HOW times change. Just a few months ago Volvo reckoned most buyers of its smallest SUV would want a diesel doing the work. They don't think so any more.
Which makes the introduction of a smaller petrol engine option into the handsome - and European Car of the Year winning - XC40 about as timely as could be.
This new 1.5-litre three-cylinder engine is expected to take a fifth of all XC40 sales, helping push the range's combined diesel offerings into a minority 40 per cent of sales.
And to think that not so very long ago (mere months, actually) everyone wanted a diesel in their SUV because of the likely economy at the pumps.
Then the world changed and now we're supposed to hate diesels enough to want to ban them from city centres and think 'unclean, unclean' when one passes us on the motorway.
Well, there's good news on the economy front if you take the petrol route - the lively little T3 unit now on offer manages up to 45.6mpg in the official test and actually showed 47.0mpg in the real world on a mixed set of streaming roads for its road test debut.
That encouraging economy - backed up by 144g/km tailpipe emissions - is made to shine brighter still by a starting price of £27,350 for a Momentum trim level XC40, making it the least expensive way into the model range.
Paying less for your Volvo than many makes with less fancied badges charge for their rivals doesn't mean you face a life of slow lane misery without any of the goodies that help pass away the miles.
That little engine is near silent most of the time, only raising its voice to a distant and typically endearing three-pot thrum when asked to give its all.
Stirred along by a sweet six-speed manual gearbox - an auto is coming - it provides enough performance to pass muster as the family carry all, with a 124mph top speed and 9.4 seconds to 62mph.
Riding on 18-inch alloy wheels the XC40 made a fine job of levelling out some typically unkempt British minor roads and - wipers on fast as the heaven's opened - skimmed safely along the motorway.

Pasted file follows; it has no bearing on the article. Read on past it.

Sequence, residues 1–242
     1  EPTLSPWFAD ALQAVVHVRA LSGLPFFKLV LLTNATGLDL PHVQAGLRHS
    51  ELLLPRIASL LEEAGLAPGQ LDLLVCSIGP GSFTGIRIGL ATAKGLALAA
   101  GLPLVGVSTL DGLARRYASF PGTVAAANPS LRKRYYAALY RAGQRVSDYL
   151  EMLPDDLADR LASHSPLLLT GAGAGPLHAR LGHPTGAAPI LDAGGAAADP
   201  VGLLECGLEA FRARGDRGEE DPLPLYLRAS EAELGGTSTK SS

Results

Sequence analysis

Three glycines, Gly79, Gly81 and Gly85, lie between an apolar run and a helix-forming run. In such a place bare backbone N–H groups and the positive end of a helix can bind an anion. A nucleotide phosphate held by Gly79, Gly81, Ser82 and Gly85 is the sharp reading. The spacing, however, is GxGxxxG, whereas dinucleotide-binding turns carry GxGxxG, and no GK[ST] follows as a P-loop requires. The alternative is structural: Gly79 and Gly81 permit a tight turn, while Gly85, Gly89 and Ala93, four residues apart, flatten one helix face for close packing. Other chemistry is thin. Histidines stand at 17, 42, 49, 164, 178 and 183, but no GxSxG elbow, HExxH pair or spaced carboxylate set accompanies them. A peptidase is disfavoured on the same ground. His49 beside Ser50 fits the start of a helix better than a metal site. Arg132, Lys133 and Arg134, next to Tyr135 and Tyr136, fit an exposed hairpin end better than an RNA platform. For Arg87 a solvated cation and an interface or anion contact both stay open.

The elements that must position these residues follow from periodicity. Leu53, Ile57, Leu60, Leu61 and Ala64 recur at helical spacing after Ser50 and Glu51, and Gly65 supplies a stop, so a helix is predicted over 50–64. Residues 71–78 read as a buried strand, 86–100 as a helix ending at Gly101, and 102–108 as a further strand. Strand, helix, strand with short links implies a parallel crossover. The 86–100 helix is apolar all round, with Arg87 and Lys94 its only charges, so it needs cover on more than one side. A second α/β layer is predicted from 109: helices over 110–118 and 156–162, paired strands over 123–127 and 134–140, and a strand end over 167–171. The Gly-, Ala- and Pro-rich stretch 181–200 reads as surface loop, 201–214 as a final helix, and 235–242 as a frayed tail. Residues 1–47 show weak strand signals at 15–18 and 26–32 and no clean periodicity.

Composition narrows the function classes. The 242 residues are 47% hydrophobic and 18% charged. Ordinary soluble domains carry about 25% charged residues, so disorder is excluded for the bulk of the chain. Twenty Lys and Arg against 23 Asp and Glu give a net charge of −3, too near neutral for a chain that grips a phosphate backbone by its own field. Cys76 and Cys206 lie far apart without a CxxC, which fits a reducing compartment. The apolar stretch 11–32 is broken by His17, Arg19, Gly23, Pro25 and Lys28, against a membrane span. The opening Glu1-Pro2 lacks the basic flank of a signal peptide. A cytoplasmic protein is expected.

That tempting price brings a Momentum grade car - and many won't want an upgrade after scanning a standard equipment list that includes satellite navigation, climate control, alloy wheels, cruise control, rear parking sensors and safety systems that parcel in fully automatic emergency braking.
Still fancy a bit more? Then you can move up through R-Design (sporty looks) to Inscription (luxury emphasis) and add Pro versions of each with bigger wheels, heated seats and more.
Diesels start at £28,750 for a D3 Momentum and XC40 prices top out for the moment with the £37,050 T5 Inscription Pro with all-wheel drive and automatic transmission.
The XC40's nicely restrained looks on the outside are different enough to distinguish this Swede (even if now Chinese owned and built in Belgium) from a clutch of its mainly German rivals which, you may think, are starting to look like peas from the same pod.
The same individual approach carries on inside, where Volvo is almost proudest of the practicality built in to every nook and cranny. Moving the big bass speakers from front doors to dashboard frees enough room for a laptop, tablet and water bottle. How very sensible and so Swedish.
It has also built in enough room for a couple of six-footers to sit comfortably behind a pair of similarly sized mates. The decently proportioned boot continues the cleverness with a parcel shelf that stores beneath the floor.
Specify your XC40 with an automatic gearbox and there's even space beneath the central armrest for additional storage - what more could you want?